Blinken took a swipe at China's "aggressive and authoritarian behavior," suggesting that China-related issues might have surfaced at Thursday's talks.

"We are clear-eyed about Beijing's consistent failure to uphold its commitments," he said. "And we spoke about how Beijing's aggressive and authoritarian behavior are challenging the stability, security and prosperity of the Indo-Pacific region."

He stressed Beijing's actions make a common approach among U.S. allies "all the more important."

"At a time when we're seeing a rollback of democracy and human rights around the world, including in Burma, where the military is attempting to overturn the results of the democratic election by brutally repressing peaceful protesters, it is more important than ever that we stand together for the values and for the interests that unite us," he said.

On the growing speculation about Seoul's potential participation in an expanded version of the Quad forum involving Australia, Japan and India, Blinken said that the U.S. is already working closely with the South on many issues being dealt with within the Quad framework.

"I think, as you know it's an informal grouping of like-minded countries that have come together to deepen cooperation on a whole host of issues ... many of these issues, we're also working very closely with the Republic of Korea," he said.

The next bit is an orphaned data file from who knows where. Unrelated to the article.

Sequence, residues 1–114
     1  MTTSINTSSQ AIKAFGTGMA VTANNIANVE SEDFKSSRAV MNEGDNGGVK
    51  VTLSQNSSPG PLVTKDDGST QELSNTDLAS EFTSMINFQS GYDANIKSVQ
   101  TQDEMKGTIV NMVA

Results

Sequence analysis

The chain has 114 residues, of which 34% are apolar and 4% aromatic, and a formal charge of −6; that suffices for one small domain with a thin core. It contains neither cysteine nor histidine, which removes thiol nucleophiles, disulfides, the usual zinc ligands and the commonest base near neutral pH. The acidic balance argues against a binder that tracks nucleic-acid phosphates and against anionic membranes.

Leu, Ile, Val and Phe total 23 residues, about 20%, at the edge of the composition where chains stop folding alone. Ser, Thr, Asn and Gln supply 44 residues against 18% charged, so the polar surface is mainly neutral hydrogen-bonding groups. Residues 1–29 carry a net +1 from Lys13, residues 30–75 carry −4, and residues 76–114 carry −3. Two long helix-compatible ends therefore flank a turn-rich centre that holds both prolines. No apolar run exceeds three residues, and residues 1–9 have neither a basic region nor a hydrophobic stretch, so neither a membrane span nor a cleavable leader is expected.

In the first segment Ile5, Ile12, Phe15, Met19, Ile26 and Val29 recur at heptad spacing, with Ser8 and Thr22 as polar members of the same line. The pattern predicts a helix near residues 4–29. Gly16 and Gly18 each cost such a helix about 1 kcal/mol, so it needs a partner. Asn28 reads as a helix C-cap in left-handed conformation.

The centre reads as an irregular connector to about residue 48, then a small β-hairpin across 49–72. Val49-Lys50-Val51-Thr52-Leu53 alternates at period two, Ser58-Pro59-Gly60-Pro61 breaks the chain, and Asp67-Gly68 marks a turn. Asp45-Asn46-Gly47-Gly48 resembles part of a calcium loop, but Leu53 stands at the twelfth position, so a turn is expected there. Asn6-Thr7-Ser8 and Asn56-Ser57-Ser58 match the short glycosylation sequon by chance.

Chung said that there was no direct discussion about whether to join the Quad at Thursday's talks.

At the press conference, Austin said that the envisioned handover of the wartime operational control (OPCON) would take more time, though the two sides will progress toward that goal.

"While meeting all the conditions for this transition will take more time, I am confident that this process will strengthen our alliance," Austin said.

Noting that the two sides "continue to make progress" toward the eventual transition, Austin said, "We have a lot to look forward to as together."

After the meeting, the two sides issued a joint statement in which they stressed the North's nuclear and ballistic missile programs as their priority and reaffirmed their commitment to addressing the matter.

Seoul and Washington also initialed a recently concluded deal on the sharing of the cost for the 28,500-strong U.S. Forces Korea in a symbolic event to highlight the close-knit alliance.

Separately, Blinken said in an interview with public broadcaster KBS that sexual exploitation of women during World War II, including Japan's sexual enslavement of Korean women, constitutes serious violation of human rights.

He said the U.S. is encouraging South Korea and Japan to resolve their historical issues in the spirit of mutual reconciliation.

Later in the day, Blinken and Austin paid a courtesy call on President Moon Jae-in.

This week's Asia trip by the two secretaries caps a weeklong campaign to highlight Washington's efforts to strengthen relations with allies and partners to promote a "free, open rules-based order," which started off in the first leader-level session last Friday of the Quad forum involving Japan, Australia and India.

Blinken leaves Korea later in the day, while Austin is to stay here until Friday.